The current cloud thermodynamic phase discrimination by Cloud-Aerosol Lidar Pathfinder Satellite Observations (CALIPSO) is based on the depolarization of backscattered light measured by its lidar [Cloud-Aerosol Lidar with Orthogonal Polarization (CALIOP)]. It assumes that backscattered light from ice crystals is depolarizing, whereas water clouds, being spherical, result in minimal depolarization. However, because of the relationship between the CALIOP field of view (FOV) and the large distance between the satellite and clouds and because of the frequent presence of oriented ice crystals, there is often a weak correlation between measured depolarization and phase, which thereby creates significant uncertainties in the current CALIOP phase retrieval. For water clouds, the CALIOP-measured depolarization can be large because of multiple scattering, whereas horizontally oriented ice particles depolarize only weakly and behave similarly to water clouds. Because of the nonunique depolarization–cloud phase relationship, more constraints are necessary to uniquely determine cloud phase. Based on theoretical and modeling studies, an improved cloud phase determination algorithm has been developed. Instead of depending primarily on layer-integrated depolarization ratios, this algorithm differentiates cloud phases by using the spatial correlation of layer-integrated attenuated backscatter and layer-integrated particulate depolarization ratio. This approach includes a two-step process: 1) use of a simple two-dimensional threshold method to provide a preliminary identification of ice clouds containing randomly oriented particles, ice clouds with horizontally oriented particles, and possible water clouds and 2) application of a spatial coherence analysis technique to separate water clouds from ice clouds containing horizontally oriented ice particles. Other information, such as temperature, color ratio, and vertical variation of depolarization ratio, is also considered. The algorithm works well for both the 0.3° and 3° off-nadir lidar pointing geometry. When the lidar is pointed at 0.3° off nadir, half of the opaque ice clouds and about one-third of all ice clouds have a significant lidar backscatter contribution from specular reflections from horizontally oriented particles. At 3° off nadir, the lidar backscatter signals for roughly 30% of opaque ice clouds and 20% of all observed ice clouds are contaminated by horizontally oriented crystals.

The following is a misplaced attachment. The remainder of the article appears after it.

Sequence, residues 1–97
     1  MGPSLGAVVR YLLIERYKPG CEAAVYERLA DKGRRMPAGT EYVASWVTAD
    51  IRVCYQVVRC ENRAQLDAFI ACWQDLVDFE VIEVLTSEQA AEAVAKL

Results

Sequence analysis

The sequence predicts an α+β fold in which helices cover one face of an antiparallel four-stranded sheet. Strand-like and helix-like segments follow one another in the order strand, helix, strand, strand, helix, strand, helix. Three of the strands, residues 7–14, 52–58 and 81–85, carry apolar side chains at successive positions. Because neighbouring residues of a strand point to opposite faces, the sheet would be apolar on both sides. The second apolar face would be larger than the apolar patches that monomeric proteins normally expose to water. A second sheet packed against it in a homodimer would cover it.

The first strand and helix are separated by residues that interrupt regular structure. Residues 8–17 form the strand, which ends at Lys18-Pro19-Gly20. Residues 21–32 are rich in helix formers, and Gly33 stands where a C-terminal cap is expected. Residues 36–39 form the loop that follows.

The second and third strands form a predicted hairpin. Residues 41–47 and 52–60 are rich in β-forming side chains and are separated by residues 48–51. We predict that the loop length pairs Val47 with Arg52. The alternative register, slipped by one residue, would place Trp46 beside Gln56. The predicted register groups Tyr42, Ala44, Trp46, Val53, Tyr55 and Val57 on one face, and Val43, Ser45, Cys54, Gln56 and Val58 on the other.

Full access